Two Women Share Stories Ahead of Eating Disorder Awareness Week

Baihly Warfield
Created: February 24, 2020 03:58 PM

This week is Eating Disorder Awareness Week. It's something that is all too real for Rachel Moe and Robyn Tomaszewski. 


"Societally somewhere, it was engrained in my head that being thinner was better," Tomaszewski said. 

Her eating disorder developed when she was in her teens. Moe's stemmed from trauma as she was growing up. 

"I was bullied pretty significantly. I went to a local middle school here in Duluth and had some pretty traumatic experiences," Moe said. "And so initially, my eating disorder started as a way to cope."

Carolyn Phelps, Phd, a licensed psychologist, specializes in treating people with eating disorders. 

"A lot of the people who I see and treat for an eating disorder are very high-achieving, very competent people. And when you're high-achieving and competent, saying to yourself that I have a problem is a hard thing to do," Phelps said. 

Starting when she was 21, Moe tried inpatient treatment several times. Finally, a passion for her career helped her overcome. 

"When I was really sick in my eating disorder, I had a super low heart rate and I had been hospitalized before and I was like, I can't be a nurse and be the nurse that I want to be if I'm sick," she recalled. 

Moe was also tried of having to leave her life and the people she loved for inpatient programs. 

"Me and my mom would be out and about doing things, and then we would have to have a meal or snack," she said, "and her 27-year-old daughter would essentially turn into this 9-year-old that's crying and refusing to eat."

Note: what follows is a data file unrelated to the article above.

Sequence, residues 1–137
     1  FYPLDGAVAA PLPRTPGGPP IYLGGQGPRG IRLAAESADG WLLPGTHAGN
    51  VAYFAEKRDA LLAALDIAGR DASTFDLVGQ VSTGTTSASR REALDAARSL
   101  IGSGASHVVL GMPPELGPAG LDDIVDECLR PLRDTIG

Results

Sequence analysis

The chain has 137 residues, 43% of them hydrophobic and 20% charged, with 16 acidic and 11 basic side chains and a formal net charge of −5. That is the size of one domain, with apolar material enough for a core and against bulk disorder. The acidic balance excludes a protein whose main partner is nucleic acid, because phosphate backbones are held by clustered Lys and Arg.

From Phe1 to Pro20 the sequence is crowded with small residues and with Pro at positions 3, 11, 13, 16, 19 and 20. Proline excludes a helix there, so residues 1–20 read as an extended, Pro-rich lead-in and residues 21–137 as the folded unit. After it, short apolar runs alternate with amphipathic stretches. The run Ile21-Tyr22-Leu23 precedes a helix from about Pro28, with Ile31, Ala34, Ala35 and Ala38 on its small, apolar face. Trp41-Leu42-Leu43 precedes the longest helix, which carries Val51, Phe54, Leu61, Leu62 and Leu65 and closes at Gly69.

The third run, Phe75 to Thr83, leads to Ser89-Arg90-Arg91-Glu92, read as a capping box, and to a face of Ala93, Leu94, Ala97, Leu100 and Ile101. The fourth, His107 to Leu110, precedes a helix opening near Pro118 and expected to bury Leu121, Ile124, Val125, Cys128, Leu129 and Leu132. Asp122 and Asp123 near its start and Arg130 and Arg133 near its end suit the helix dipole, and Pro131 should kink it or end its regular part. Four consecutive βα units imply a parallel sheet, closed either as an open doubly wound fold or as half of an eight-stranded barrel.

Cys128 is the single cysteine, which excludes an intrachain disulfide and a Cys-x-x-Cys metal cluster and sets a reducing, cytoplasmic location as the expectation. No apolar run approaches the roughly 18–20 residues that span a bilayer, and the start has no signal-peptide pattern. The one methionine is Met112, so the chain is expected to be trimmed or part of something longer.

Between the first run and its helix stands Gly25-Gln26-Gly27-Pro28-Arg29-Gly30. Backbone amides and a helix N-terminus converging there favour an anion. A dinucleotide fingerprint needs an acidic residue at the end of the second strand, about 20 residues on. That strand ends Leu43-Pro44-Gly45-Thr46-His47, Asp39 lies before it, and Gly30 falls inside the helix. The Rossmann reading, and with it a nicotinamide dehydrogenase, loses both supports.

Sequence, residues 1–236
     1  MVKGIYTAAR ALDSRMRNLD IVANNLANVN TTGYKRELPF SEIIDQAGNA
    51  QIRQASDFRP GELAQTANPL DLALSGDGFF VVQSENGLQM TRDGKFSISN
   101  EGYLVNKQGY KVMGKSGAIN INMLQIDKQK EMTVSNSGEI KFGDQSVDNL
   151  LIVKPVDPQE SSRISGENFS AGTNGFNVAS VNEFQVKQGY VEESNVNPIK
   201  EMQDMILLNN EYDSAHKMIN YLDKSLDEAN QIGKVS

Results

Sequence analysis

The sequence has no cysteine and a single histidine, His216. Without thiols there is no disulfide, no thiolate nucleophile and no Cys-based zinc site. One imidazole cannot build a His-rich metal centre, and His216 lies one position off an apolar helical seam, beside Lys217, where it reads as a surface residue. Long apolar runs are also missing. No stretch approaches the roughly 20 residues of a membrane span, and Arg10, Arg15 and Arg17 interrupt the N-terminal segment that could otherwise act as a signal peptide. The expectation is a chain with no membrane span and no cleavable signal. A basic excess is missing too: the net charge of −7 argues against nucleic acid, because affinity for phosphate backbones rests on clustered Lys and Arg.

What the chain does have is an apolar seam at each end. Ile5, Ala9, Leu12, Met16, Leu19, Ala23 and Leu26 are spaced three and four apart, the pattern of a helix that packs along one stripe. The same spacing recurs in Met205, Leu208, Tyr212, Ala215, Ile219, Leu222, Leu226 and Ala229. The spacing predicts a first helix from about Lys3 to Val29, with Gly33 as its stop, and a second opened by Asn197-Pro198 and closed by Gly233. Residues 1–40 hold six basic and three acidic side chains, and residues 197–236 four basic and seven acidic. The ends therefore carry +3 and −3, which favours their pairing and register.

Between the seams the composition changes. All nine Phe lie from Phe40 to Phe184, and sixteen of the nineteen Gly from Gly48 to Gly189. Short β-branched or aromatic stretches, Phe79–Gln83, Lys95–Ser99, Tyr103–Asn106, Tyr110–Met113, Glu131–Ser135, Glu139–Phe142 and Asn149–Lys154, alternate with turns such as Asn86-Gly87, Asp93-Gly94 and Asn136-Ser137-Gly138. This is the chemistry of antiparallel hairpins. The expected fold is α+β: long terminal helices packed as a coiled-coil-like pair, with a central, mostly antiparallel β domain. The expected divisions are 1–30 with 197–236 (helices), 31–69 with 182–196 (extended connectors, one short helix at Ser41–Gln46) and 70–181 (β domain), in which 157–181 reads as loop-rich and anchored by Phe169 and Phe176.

For Tomaszewski, it was the realization that she didn't want to be miserable every day. 

"I had just detached from who I genuinely was," she said. 

She recognized that she had perfectionist tendencies and knew she had a problem. But she still had to overcome doubt.

"I didn't feel like I was sick enough to deserve treatment. I'm not skinny enough," Tomaszewski remembered. "My message for people is don't base whether you're sick or not on what you look like or what people tell you. If it's something that is impacting your life and your joy and your fulfillment and your self-worth, then you are sick enough." 

She said once she started fighting the mental health illness, she started finding joy again. 

"It's definitely been the best decision I could have made is to really choose that I was worth more," she said.

Dr. Phelps said she has treated people as young as 6 and old as 68 for eating disorders. 

"It is never too late to get help," Phelps said. "No matter what help you've had before and no matter how that's gone, there's no such thing as hopeless." 

Moe also started a local chapter of Eating Disorder Anonymous, and she finds strength in sharing her story and struggle. 

"There's always going to be an excuse not to get help. Now is the right time, and recovery is possible, and recovery is worth it," she said.

Northland Healthy Minds is sponsoring a screening of a documentary called "Embrace." It's at 6 p.m. Tuesday in Room Chem 200 in Brian Kobilka Hall on UMD's campus. It is free and open to the public.


Baihly Warfield

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